. . . this is why I was calling for Stafford to be the starter from OTAs forward. If the object was for Matthew Stafford to succeed as quickly as possible, he needed reps. Moreover, he needed all the reps with the ones. Megatron, Pettigrew, Bryant Johnson . . . he needed reps to develop a rapport with them, to learn their habits. He needed reps to get comfortable with the offense, to get comfortable with their habits. They needed reps to get used to the velocity of his passes, the timing of when he delivers the ball, his preferences when plays break down.
Instead, we see Stafford—a dude with an almost unlimited arm—underthrow Megatron on a fly route. We see receivers break outside, and Stafford throw inside. We see receivers break inside, and Stafford throw outside. Yes, we also see the unavoidable where-did-that-guy-come-from rookie mistakes—but these errors in timing, this confusion about what route should be run, how deep the route should be run, and where the ball should be placed? These should have been happening and getting corrected in training camp and preseason, not in Week 9.
Matthew Stafford will be getting all the blame for this loss—and in and of itself, that’s correct. His five picks turned what would have been a HUGE road victory into another heartbreaking loss. However, I’m seeing a lot of this:
The knock on Matt Stafford in college was that he was inaccurate. Five interceptions today aren't going to change that concern.Let us be clear: the knock on Matthew Stafford wasn't that he was inaccurate. The Lions fans who didn't want to see Stafford drafted heard he had a big arm and decided he was inaccurate. The actual knock on Stafford was that his #1 National QB Recruit status never translated into BCS Title and Heisman success—but Georgia fans will be the first to tell you that that wasn’t because Stafford was holding them back.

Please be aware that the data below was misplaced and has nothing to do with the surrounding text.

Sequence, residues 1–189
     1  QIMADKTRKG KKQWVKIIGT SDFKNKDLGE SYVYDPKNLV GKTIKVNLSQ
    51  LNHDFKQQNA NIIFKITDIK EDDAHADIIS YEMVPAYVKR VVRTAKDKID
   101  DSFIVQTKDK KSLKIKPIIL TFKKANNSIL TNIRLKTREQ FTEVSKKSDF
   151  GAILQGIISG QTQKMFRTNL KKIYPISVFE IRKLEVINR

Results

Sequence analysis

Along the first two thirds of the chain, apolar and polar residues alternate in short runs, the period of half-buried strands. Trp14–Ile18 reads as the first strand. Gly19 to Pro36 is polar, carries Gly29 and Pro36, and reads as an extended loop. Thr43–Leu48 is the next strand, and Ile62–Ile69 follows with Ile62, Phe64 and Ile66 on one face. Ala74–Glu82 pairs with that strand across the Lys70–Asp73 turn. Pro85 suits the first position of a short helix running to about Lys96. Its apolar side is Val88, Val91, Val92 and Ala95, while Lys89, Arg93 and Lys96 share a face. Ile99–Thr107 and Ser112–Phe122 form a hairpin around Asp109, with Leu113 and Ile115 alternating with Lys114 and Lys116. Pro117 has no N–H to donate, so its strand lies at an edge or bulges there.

This cuts to the heart of the matter: what is "inaccurate"? To me, “inaccuracy” is when the ball doesn’t go where the quarterback means to throw it. A deep linebacker picking off a pass because the quarterback didn’t see him is not “inaccuracy”. A ball thrown one way when the receiver breaks another is not “inaccuracy”. Overthrows, underthrows, balls thrown behind the receiver, those are examples of inaccuracy—and while Stafford did throw several passes like that, so does every quarterback in every game. The interceptions that cost the Lions the game were simply mistakes; mistakes that can be corrected with coaching, mistakes that can be corrected with repetition; mistakes that can be corrected with time.
Let’s not gloss over some really important positives. At one point, Stafford was 11-of-14 for 111 yards, 2 TDs, and 0 INTs. Brandon Pettigrew—the “bust” that everyone’s been ranting about lately—hauled in 7 balls for 70 yards, including his first TD catch. Kevin Smith got 67 yards on 13 carries, including a crucial 31-yarder in the fourth quarter. Mo Morris and Aaron Brown combined for 8 carries and 47 yards, upping the team rushing totals to 21 carries, 114 yards, and a 5.4 YpC average. The defense looked great in the first quarter, coming up with a HUGE 4th-and-1 stop, where the defensive line pushed the pile considerably. The defense also held the Seahawks to 25 points, despite being essentially unable to stop them from completing a pass. Delmas got a pick, Dizon got a sack, the defense came up with 4 TFLs, forced 3 fumbles, and recovered one.
None of that takes the sting out of another heartbreaking loss. None of that changes the fact that the Lions flipped the script—jumping out to a 17-0 lead with forced turnovers and offensive effectiveness—and still lost. However, they did flip the script. The game was in doubt in the final minute. The Lions were competitive, on one of the hardest road trips an EST-based team can make. Best of all, we got to see a glimpse of the team that Jim Schwartz, Gunther Cunningham, and Scott Linehan are building. They’re nowhere near done—in fact, they’re just getting started. But those who were saying last week that “nothing’s changed since 2008” just got woken up. Let’s hope that next time, they can’t hit the snooze button . . .
Speaking of which, I gotta get that third cup before my head hits the keyboard.